Innovation and Basic Instincts: Why We Love Puccini

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Innovation and Basic Instincts: Why We Love Puccini

Giacomo Puccini (1858-1924) was convinced that God had intended for him to write opera. Only opera. Puccini’s keen sense of drama drives him to explore the most extreme human situations, in which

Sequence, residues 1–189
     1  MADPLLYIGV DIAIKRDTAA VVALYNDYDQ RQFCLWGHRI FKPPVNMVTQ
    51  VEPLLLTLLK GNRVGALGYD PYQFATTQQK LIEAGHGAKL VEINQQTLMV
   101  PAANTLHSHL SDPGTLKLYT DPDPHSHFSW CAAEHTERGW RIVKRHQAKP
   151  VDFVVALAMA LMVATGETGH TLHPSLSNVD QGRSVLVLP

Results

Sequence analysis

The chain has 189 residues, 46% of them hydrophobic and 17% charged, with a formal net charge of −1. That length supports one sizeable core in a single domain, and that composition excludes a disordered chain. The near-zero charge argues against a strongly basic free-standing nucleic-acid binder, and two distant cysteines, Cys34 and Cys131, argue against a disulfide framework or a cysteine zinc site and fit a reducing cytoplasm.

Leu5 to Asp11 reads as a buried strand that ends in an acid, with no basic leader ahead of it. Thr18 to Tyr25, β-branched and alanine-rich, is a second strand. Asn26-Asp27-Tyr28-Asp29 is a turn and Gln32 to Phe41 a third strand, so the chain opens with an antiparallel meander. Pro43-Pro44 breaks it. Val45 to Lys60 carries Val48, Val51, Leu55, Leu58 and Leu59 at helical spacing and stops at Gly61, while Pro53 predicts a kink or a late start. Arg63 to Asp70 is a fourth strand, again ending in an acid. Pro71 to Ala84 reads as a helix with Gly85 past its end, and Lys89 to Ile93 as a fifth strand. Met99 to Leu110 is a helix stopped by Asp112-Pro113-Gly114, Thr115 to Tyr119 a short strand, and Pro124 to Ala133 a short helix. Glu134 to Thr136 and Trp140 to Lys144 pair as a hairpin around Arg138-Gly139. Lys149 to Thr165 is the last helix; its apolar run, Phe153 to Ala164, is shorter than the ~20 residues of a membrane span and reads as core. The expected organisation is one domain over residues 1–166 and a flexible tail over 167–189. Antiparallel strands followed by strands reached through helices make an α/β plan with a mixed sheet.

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Giacomo Puccini (1858-1924) was convinced that God had intended for him to write opera. Only opera. Puccini’s keen sense of drama drives him to explore the most extreme human situations, in which heightened passions are stirred musically, in the characters onstage, and in the sympathetic listeners. His ultra-romantic idiom faithfully carries on Italian operatic tradition, enriched and “modernised” by innovative harmonic devices, non-western “flavours”, a huge orchestra and a unique way of writing for the voice, exploiting its communicability and sensuality. We shall examine the close relationship between music and drama: how dramatic content shapes musical form, and how form in turn intensifies drama. We’ll try and reveal some of the means Puccini employs to extract an emotional reaction from us, relying on some rudimentary cognitive principles whilst listening to some of the best arias and scenes from Tosca, Manon Lescaut, Madama Butterfly, Turandot, and La boheme.